Books were a big focus in my family when I was growing up. I thought that everyone had walls of bookcases with lots of old books in them. Our house was filled with books from my parents’ childhoods, as well as old books that their parents had owned, and their parents. Copies of Dick and Jane were juxtaposed with The XBarX Boys and Elsie’s Girlhood, The Girls of St. Wode’s with The Flower Girls, A Little Maid of Mohawk Valley with Tarzan. By the time the big resurgence of Anne of Green Gables occurred in the 1980s, one of my sisters had already accidentally dropped our 1912 edition while reading in the bathtub.
In the room that my younger sister and I shared as preschoolers, we had a bookcase filled with more recent books, although still mostly handed down from our older brother and sister. Occasionally our mother would bribe us with new Golden Books from the grocery store to keep us in line while shopping. Every night, one of our parents would read us a stack of stories before shutting off the light, our last thoughts of the day saturated with literary convention.
I have kept up the tradition of the home library with my own children, buying books for them before they were born, reading to my eldest in the womb after learning of neurological research confirming that the rhythm of oral reading is different than that of everyday speech, and even in utero, babies can be prepped to read.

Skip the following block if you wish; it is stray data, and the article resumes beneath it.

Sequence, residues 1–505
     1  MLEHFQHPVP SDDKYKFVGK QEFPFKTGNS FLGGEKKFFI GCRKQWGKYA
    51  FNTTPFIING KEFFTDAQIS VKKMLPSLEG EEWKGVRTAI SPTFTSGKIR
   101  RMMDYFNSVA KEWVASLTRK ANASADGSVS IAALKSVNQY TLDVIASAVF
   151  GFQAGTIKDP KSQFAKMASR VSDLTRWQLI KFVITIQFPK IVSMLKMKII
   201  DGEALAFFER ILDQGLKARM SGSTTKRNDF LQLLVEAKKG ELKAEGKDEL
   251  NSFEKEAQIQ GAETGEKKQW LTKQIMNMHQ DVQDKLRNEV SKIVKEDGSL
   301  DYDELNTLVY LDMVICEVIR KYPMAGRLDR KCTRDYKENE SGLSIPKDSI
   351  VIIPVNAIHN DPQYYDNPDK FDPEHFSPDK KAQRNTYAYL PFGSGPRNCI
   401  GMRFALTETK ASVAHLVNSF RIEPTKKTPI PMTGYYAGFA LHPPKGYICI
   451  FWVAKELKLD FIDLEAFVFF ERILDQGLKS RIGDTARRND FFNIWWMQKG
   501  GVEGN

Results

One reason I remember so many of the books that I enjoyed as a child is because they sat in a bookcase next to my bed, and I read them all the time. Kids need repetition while they are internalizing the reading process. That’s why little children request books to be read to them over and over, sometimes right away! They listen with eager ears, poring over the pictures as they absorb the verbal context. Frequently, they will put their finger on the page and point out each word as it is read. Woe to the adult who skips a word! When playing alone, prereaders will often parrot a familiar story out loud as they turn pages at exactly the right moment. Continuity is important, familiarity with a work allowing a child to concentrate on the nuances and details of the words. How can a book be sufficiently internalized if it goes back to the library after two weeks?
Once a child is in second grade or so, the need for repetition diminishes, as does the need for pictures. I am actually a huge fan of the public library system, for older children. Libraries have been responsible for much of my reading fodder since age eight, my appetite for books and pocketbook both satisfied.
When I really love a book I’ve read, I head to amazon.com to buy it, so that I can share it with my friends and even my children at a later date. So that I’ll have a copy when it goes out of print. So that I can enjoy it again in a few years, after I’ve forgotten the details. So that I can notice the title as I pass by my bookcase and recall a moment of the story, a warm memory of a good read.